Hi Thule. I am aware of these texts and any such undertaking will probably make use of them, the focus however is on the 'biography', specifically for me it's events said to have taken place that contradict the word of the Buddha in the Suttas that I wish to bring to account, in no small part because it's the 'biography' that is found across the globe in Theravadin monasteries for free distribution, it's the biography that people give attention to, the rest is tertiary material in my eyes.
Some years ago, I was staying in a monastery, and I was young and impressionable. I found the book sitting around in the cloister for free distribution, so I took it up to my kuti and more or less couldn't put it down, at the time I found it quite inspiring, not the part I now see as eternalistic, but the parts concerning kammathana, the life of the monk and if I'm quite honest, all the visiting devas and magical happenings. I bought into the doctrine because I was inspired by the austerity and what I saw as pure lifestyle. Fortunately when the monks realized I was reading this text we had some discussions and I remember at the time being quite a vocal defender of the text, going so far to say to one Ajahn: "Do you think Ven. Maha Boowa was lying? Do you think he just made it up?" in some accusatory tone. In my mind monks of such a calibre were pure, there's no way one earth they could possibly say anything other than the factual truth as it happened. I didn't realize many of the accounts in the biography had been through several ears, were quite secondary/tertiary sources and had probably suffered from Chinese Whispers syndrome. Fortunately for me (I think) the venerable Monks managed to convince me that much of the doctrine presented within was at odds with the word of the Buddha.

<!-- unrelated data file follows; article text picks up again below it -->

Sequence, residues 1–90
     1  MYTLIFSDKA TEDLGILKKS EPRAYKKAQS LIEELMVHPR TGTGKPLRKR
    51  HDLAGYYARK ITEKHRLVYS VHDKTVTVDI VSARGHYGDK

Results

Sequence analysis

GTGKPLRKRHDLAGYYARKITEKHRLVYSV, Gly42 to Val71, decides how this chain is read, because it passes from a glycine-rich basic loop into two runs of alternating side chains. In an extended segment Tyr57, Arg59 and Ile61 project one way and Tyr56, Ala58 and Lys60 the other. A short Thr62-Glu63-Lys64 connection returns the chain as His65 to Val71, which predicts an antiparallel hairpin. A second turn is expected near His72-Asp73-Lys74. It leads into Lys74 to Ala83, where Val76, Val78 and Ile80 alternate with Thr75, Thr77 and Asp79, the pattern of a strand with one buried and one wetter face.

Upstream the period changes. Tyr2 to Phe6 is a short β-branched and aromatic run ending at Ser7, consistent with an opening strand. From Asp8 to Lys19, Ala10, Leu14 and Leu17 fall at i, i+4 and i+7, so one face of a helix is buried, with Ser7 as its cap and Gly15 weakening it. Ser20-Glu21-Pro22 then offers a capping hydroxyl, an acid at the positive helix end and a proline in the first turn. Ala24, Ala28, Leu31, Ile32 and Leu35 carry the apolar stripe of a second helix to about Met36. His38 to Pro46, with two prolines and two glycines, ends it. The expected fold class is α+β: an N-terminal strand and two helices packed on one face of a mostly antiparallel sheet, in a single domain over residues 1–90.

My own example I have used to illustrate this point: I think there are probably quite a number of people in the same situation I was in, who buy into it because of the beautiful writing, the romanticism of a holy life in the jungle, and may go on thinking that it's quite in line with the Buddha's teachings, to their own detriment.
"And so, because this Teaching is so different from what Westerners are accustomed to, they will try to adapt the Teaching to their own framework. What they need to learn to do is not to adapt the Teaching to their own point of view but to adapt their own point of view to the Teaching. This is called saddhá, or faith, and it means giving oneself to the Teaching even if the Teaching is contrary to one’s own preconceived notions of the way things are."- Ven BodhesakoNanavira Thera's teachings - An existential approach to the Dhamma
| Ven. Bodhesako's essay on anicca